We are sexual beings, throughout the lifespan. This includes the later years of life, which are often overlooked in discussions of sexuality. In this article I want to address some misconceptions about aging and sexuality; report some survey information on sexual behavior among seniors; describe physical, psychological and medical changes that may accompany aging; and suggest positive and affirming ways for seniors to continue to enjoy their sexuality to the fullest.

I. Some Myths about Aging and Sexuality

Many cultural “truths” convey the message that sexuality is for

the young. If seniors are interested in sex there is something wrong with that. How many of the following myths and stereotypes have you heard?

– Older people don’t have sex, don’t want sex, don’t think about sex.

– It’s perverted for an older person to have sexual thoughts; perhaps he is a “dirty old man”.

– Women don’t want sex, aren’t interested in sex, and are only going along with what men want.

– When you get “old”, you can’t have sex.

– Sex is for younger adults. (I saw a cross-stitched sampler once which said “Kissing don’t last – cooking do”.)

– If you can’t have sex like a porn star, you have no business trying it at all.

These are all misleading and incorrect stereotypes. It is

important to recognize that sexuality is a central part of healthy living – all our lives!

II. Survey Information: What’s Happening Out There?

Three recent national surveys of older Americans have focused on

sexuality and sexual behavior. “Healthy Sexuality and Vital

Aging” (1998) was funded by Pfizer and sponsored by the National

Council on the Aging (NCOA) and surveyed over 1300 people. The

American Association of Retired Persons (AARP) sponsored national surveys in 1999 and again in 2004. “Sexuality at Midlife and Beyond” looked at a nationally representative group of 1700 adults aged 45 and older.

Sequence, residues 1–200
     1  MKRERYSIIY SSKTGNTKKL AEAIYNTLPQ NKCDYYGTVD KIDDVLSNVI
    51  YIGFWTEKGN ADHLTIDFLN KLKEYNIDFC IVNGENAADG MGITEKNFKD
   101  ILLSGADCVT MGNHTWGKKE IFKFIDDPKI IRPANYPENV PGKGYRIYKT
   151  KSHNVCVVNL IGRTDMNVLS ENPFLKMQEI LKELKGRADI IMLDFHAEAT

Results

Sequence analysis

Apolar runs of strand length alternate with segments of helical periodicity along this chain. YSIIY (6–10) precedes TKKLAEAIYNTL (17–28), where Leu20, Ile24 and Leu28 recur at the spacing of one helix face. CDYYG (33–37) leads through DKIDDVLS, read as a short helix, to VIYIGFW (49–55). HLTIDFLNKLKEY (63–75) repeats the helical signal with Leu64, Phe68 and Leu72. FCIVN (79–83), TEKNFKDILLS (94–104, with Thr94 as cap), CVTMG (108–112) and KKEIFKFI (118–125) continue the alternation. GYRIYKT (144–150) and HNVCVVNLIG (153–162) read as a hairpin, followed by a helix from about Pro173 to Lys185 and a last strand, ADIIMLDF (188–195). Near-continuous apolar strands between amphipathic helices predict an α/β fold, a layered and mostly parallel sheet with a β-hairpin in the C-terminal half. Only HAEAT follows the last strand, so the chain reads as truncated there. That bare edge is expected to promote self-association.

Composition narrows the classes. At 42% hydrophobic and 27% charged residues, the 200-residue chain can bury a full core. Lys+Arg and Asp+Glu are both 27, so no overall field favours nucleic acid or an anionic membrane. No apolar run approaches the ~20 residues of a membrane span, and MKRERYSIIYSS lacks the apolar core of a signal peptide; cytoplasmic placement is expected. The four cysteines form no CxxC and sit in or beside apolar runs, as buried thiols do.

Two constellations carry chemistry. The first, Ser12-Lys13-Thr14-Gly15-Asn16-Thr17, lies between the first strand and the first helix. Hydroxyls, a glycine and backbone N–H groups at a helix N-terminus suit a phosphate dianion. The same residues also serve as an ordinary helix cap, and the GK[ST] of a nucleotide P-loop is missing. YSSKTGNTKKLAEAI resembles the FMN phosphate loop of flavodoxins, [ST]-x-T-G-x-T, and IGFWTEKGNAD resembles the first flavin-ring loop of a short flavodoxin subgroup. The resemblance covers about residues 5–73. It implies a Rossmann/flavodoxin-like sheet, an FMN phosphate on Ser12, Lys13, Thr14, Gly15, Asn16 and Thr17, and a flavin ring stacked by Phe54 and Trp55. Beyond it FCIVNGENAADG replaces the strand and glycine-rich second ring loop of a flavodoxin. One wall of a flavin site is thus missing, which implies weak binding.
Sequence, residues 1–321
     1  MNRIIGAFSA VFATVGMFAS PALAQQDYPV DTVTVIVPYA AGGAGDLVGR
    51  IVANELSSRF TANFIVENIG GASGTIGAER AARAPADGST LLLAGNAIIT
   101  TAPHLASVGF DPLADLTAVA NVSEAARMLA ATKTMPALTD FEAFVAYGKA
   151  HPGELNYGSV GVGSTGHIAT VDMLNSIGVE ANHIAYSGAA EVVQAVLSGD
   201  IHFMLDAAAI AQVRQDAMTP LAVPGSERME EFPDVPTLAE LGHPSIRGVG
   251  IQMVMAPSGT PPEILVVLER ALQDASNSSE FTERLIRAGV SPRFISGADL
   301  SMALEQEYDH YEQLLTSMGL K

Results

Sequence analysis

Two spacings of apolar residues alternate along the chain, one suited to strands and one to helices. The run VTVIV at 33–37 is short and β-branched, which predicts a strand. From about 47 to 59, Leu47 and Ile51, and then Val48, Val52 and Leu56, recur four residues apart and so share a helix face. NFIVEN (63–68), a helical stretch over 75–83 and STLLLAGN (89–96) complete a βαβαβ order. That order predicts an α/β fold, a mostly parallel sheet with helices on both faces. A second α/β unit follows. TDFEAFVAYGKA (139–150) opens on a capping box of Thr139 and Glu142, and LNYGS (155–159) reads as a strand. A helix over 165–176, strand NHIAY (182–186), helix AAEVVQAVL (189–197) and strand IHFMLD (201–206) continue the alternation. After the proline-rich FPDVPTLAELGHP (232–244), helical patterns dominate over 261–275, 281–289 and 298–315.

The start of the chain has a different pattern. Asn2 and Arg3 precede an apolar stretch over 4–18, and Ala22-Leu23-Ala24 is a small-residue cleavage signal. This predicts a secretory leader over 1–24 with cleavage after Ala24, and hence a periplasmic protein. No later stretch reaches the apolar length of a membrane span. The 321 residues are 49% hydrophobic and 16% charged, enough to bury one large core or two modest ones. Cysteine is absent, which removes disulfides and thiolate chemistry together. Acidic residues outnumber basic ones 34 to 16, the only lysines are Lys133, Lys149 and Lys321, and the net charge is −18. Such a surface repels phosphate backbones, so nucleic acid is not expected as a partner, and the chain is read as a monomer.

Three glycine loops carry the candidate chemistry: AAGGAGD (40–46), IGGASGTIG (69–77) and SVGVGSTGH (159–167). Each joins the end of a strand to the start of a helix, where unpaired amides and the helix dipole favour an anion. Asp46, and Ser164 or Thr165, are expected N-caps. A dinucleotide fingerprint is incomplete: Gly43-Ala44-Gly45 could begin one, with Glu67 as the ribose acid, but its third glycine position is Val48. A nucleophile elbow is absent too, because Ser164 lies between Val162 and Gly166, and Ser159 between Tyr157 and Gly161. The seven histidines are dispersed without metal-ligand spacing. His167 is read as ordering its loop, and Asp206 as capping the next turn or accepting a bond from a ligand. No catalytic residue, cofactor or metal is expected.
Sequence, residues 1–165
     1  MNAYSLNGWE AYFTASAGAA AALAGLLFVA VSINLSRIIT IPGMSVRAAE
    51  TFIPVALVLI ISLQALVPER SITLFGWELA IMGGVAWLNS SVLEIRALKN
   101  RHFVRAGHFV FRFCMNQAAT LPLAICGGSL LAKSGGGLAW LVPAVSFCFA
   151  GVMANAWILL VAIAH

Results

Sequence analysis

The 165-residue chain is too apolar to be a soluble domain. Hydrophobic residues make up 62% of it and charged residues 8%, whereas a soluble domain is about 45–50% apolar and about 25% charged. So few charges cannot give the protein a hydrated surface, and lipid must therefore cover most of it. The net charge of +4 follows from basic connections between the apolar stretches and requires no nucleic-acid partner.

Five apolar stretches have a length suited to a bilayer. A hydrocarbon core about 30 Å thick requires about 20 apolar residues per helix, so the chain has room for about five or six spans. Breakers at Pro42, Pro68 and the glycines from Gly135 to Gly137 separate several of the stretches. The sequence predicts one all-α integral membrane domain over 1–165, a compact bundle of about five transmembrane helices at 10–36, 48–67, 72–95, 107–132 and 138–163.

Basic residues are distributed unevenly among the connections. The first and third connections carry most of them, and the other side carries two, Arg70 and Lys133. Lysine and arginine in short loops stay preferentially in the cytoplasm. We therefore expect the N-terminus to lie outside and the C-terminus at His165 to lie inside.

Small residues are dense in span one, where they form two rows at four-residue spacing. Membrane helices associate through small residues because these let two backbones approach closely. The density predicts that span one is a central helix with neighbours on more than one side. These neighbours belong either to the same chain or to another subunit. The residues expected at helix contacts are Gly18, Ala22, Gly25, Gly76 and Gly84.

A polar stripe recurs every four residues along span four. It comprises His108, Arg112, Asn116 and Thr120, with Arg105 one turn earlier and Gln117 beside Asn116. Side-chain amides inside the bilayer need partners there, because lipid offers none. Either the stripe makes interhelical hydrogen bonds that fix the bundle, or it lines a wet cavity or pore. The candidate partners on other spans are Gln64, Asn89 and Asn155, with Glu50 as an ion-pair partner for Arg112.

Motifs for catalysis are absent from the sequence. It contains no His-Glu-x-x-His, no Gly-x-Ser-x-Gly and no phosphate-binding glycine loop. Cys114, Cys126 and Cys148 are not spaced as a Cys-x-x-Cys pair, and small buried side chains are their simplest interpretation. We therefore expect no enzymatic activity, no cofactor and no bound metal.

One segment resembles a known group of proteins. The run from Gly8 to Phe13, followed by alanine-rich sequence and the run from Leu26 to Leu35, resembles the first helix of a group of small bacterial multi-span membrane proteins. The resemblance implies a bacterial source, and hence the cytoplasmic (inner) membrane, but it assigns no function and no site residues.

The NCOA survey found that almost half of seniors over sixty are

sexually active; 39% want sex more often. The majority of

respondents reported having sex less often now than when they

were in their forties – 82% of men and 63% of women.

61% of men and 62% of women find sex equal to or more physically

satisfying than it was in their forties. With regard to

emotional satisfaction, 76% of men and 69% of women found sex to

be at least as emotionally satisfying as in their forties.

72% of men and 47% of women consider sex important to their

relationship with their partner. Men, however, were more than

twice as likely as women to report wanting sex more frequently.

This was true in all age segments – even in men 80 and older.

The AARP study found that the proportion of men who’ve tried

potency-enhancing medicines, hormones, or other treatments has

doubled since 1999. The majority (68%) report the treatments

have increased their sexual satisfaction. Their wives also

reported increased pleasure for themselves.

63% of men and women with partners described themselves as either extremely satisfied or somewhat satisfied with their sex lives. 51% of men and women surveyed reported having sexual thoughts, fantasies, or erotic dreams at least once a week.

50% of women in the 45-49 age range reported that they

masturbate; 20% of women 70 and older said they masturbated. A

majority of all women – even those 70-plus – told AARP that self- stimulation is an important part of sexual pleasure at any age.

Both these surveys, based on scientifically randomized samples,

indicate that seniors are having sex, thinking about sex,

enjoying sex – and taking steps to increase their enjoyment and

pleasure. Clearly sexuality is important to older Americans,

contrary to popular stereotypes!

III. Natural Changes Occurring With Aging

Most of us reading this are not twenty years old any more! Our

bodies are constantly changing – though many of us are in denial. Orthopedic medicine is one of the fastest-growing medical specialities, treating rotator cuff injuries, tennis elbow, injured backs, torn cartilage, blown ACLs – in aging baby

boomers. We’re not ready to give it up!

Your body changes as you age, and these changes can affect your

sexual relationships.

A. Physical Changes

Testosterone regulates your sex drive whether you’re a man or a

woman. Most aging men and women produce enough testosterone to

maintain their interest in sex, though patches and creams can

provide an alternative source of the hormone to boost desire if

needed.

Men and women experience different changes in their bodies as

they age.

— Women —

Most physical changes are linked to menopause and reduced

estrogen levels. As you age, it takes longer for your vagina to